The Corner

Not Conservatism, Less Liberalism

No wonder John McCain’s policies are incoherent. He digests this stuff while also claiming to be a Reaganite. The problem is, many people in his own party aren’t buying it, let alone conservatives. Many of the problems Brooks sites to promote his view were made worse by big government. Can anyone seriously point to any major sector of our economy where the government hasn’t insinuated itself in a significant way? Talking about Disraeli and TR as if 100 years and more of government intervention hasn’t transpired — such as the New Deal, the Fair Deal, the Square Deal, the Great Society — is pundit malpractice.

For example, in the health care field, the federal government directly subsidizes about 30% of health insurance. But that’s only the beginning. It influences and in many respects controls pricing, distribution, approvals, and standards applicable to the entire industry. The same can be said, to one degree or another, respecting the other issues Brooks raises. In my view, this is the problem with ceding the entire limited government argument. Brooks does not make the case for conservatism. He makes the case for less liberalism, whatever that means (and he has no idea what it means, and never attempts to draw a coherent philosophical delineation between more liberalism and less liberalism – having placed himself somewhere in between). He learns nothing from the Freddie Mac and Fannie Mae debacles. He learns nothing from the $53 trillion in off-budget obligations from massive entitlement programs. He learns nothing from the Fed’s mishandling of money, which is driving down the value of the dollar. He learns nothing from the current situation, in which Congress has driven up the price of fuel and food through various environmental schemes and the ethanol misadventure. And I could go on and on. The time to argue against big government, to argue for not the middle class but all classes, is now. By listening to Brooks et al, McCain is missing a huge political opportunity to appeal to segments of the voting population whom the big-government liberals have forsaken or, worse, vilify — including the Reagan Democrats who work in the smoke stack industries and who suffer under the effects of big-government regulations and the environmentalists. I could add more, but this isn’t the right place or time, given my own schedule.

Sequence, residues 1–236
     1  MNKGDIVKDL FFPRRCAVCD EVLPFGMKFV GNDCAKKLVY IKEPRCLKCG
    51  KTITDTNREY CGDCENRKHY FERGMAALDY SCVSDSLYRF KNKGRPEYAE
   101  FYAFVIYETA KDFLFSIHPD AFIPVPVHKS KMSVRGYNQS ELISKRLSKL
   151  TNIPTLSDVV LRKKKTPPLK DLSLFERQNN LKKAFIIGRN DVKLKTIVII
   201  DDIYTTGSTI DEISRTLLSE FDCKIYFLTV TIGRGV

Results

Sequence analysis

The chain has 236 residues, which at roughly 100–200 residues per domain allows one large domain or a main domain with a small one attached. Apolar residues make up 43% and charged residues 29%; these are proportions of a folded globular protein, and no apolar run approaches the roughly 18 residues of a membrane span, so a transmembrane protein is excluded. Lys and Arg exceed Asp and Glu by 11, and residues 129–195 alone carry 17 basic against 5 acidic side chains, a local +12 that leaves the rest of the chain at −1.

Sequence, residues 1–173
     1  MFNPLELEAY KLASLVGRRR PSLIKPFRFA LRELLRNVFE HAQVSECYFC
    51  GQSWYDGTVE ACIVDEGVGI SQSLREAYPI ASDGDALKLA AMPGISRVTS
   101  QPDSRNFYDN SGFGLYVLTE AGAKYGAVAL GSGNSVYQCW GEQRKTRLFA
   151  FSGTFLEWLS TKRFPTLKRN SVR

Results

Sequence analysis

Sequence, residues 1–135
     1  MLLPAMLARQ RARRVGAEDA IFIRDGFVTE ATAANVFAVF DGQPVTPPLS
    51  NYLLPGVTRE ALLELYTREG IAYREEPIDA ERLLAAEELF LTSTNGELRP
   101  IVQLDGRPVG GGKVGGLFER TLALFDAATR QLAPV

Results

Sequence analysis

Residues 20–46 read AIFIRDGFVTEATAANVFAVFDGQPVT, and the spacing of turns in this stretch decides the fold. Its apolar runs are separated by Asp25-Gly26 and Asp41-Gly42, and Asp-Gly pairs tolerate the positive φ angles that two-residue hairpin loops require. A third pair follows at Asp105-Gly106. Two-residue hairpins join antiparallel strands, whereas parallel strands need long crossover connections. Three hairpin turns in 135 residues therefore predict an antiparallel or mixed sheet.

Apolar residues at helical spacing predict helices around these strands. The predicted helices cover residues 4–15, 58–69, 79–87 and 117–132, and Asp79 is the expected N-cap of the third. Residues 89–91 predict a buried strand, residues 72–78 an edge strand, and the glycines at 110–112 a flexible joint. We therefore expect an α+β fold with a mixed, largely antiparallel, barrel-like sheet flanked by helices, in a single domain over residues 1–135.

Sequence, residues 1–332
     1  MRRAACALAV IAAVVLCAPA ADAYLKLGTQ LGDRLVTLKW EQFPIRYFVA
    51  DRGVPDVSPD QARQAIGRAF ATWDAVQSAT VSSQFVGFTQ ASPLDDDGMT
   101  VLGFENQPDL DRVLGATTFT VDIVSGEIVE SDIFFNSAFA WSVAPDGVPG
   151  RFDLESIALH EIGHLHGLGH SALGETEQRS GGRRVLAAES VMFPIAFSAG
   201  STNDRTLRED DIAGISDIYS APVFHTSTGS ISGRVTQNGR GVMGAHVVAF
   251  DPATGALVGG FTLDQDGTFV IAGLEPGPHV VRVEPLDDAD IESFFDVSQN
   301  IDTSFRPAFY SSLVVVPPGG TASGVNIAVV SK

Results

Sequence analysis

As an aside, Brooks was among those who urged conservatives to abandon the era of Reagan. Yet he incessantly draws on the era of TR. TR was never considered a conservative. He was a populist verging on progressive. I am troubled by Brooks’s repeated efforts to rewrite history through the sloppy use of semantics in order to fit his own political manifesto (such as it is). IMHO, McCain would do well to find other advisors.


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